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In self-organizing ad hoc networks, all the networking functions rely on the contribution of the participants. As a basic example, nodes have to forward packets for each other in order to enable multihop communication. In recent years, incentive mechanisms have been proposed to give nodes incentive to cooperate, especially in packet forwarding. However, the need for these mechanisms was not formally justified. In this paper, we address the problem of whether cooperation can exist without incentive mechanisms. We propose a model based on game theory and graph theory to investigate equilibrium conditions of packet forwarding strategies. We prove theorems about the equilibrium conditions for both cooperative and noncooperative strategies. We perform simulations to estimate the probability that the conditions for a cooperative equilibrium hold in randomly generated network scenarios. As the problem is involved, we deliberately restrict ourselves to a static configuration. We conclude that in static ad hoc networks— where the relationships between the nodes are likely to be stable—cooperation needs to be encouraged.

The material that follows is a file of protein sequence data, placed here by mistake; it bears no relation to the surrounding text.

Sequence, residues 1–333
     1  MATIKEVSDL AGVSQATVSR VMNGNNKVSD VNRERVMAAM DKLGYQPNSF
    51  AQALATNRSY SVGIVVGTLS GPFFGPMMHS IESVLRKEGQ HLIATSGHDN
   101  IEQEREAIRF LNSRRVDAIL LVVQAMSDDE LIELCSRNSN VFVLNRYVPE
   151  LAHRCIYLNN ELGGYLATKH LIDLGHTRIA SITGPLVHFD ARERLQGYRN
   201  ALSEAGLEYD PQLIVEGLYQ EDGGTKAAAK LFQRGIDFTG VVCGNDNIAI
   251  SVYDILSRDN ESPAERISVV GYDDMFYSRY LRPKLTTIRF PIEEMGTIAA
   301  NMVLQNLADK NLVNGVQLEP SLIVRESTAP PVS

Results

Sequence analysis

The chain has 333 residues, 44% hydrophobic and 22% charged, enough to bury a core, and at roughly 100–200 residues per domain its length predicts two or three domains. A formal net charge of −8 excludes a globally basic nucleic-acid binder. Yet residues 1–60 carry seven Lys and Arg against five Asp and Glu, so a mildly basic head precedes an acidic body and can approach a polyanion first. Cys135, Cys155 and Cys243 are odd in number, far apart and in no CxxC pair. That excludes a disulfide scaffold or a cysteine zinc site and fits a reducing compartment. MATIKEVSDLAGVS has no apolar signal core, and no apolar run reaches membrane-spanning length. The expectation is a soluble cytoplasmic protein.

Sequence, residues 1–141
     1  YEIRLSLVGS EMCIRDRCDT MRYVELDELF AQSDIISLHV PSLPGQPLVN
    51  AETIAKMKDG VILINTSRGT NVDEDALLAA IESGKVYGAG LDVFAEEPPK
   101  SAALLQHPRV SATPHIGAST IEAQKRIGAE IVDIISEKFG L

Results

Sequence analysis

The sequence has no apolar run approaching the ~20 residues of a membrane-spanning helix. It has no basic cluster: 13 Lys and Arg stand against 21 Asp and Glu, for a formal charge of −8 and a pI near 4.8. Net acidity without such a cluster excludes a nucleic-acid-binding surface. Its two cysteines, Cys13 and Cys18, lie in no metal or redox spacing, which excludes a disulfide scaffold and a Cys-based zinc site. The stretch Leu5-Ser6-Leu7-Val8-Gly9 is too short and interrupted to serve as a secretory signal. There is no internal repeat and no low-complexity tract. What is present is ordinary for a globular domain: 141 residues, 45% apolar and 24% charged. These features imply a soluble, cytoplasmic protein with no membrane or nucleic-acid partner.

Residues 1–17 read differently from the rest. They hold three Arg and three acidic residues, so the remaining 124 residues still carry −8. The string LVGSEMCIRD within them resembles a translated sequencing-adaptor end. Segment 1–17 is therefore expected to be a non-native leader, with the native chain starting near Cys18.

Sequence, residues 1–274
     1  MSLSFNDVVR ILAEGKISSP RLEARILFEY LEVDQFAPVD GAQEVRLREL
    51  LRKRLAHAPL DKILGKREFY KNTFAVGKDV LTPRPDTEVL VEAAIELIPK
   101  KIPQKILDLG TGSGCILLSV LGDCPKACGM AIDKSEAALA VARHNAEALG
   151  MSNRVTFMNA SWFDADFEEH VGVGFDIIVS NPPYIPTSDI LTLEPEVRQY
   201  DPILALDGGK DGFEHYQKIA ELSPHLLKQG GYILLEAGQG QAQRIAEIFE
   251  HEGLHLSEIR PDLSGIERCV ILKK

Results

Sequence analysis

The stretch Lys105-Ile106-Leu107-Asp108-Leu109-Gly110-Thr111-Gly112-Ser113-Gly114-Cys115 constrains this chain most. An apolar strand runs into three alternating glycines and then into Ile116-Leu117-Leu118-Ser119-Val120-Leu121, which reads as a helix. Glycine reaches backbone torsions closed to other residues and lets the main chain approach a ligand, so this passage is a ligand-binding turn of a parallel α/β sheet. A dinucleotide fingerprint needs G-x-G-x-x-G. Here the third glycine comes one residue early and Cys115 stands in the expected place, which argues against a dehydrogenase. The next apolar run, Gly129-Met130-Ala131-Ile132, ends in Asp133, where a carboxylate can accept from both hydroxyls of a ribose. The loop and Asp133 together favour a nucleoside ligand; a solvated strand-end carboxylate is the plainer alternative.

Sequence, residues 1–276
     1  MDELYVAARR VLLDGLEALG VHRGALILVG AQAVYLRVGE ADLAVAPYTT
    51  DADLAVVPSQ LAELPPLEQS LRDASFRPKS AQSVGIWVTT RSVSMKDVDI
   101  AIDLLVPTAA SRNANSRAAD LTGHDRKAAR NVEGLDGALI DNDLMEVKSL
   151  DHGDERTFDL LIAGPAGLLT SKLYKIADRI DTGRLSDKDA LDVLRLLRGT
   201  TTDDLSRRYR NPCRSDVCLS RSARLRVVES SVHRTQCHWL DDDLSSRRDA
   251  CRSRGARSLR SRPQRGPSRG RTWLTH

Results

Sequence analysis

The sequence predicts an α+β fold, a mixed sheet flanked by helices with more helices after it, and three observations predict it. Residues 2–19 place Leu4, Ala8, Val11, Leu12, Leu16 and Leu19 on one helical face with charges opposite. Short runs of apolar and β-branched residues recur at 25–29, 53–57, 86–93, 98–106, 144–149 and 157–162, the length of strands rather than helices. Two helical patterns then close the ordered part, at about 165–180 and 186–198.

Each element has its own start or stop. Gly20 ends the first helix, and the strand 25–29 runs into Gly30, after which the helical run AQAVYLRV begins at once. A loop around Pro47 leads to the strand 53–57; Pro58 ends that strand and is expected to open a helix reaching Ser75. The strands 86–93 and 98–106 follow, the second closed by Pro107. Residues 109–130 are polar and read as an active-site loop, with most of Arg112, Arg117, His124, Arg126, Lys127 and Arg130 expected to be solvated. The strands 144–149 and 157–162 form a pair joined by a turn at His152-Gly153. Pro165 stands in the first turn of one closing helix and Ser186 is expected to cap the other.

Ad hoc networks, cooperation, graph theory, game theory, Nash equilibrium.

L. Butty?, J. Hubaux and M. F?legyh?zi, "Nash Equilibria of Packet Forwarding Strategies in Wireless Ad Hoc Networks," in IEEE Transactions on Mobile Computing, vol. 5, no. , pp. 463-476, 2006.
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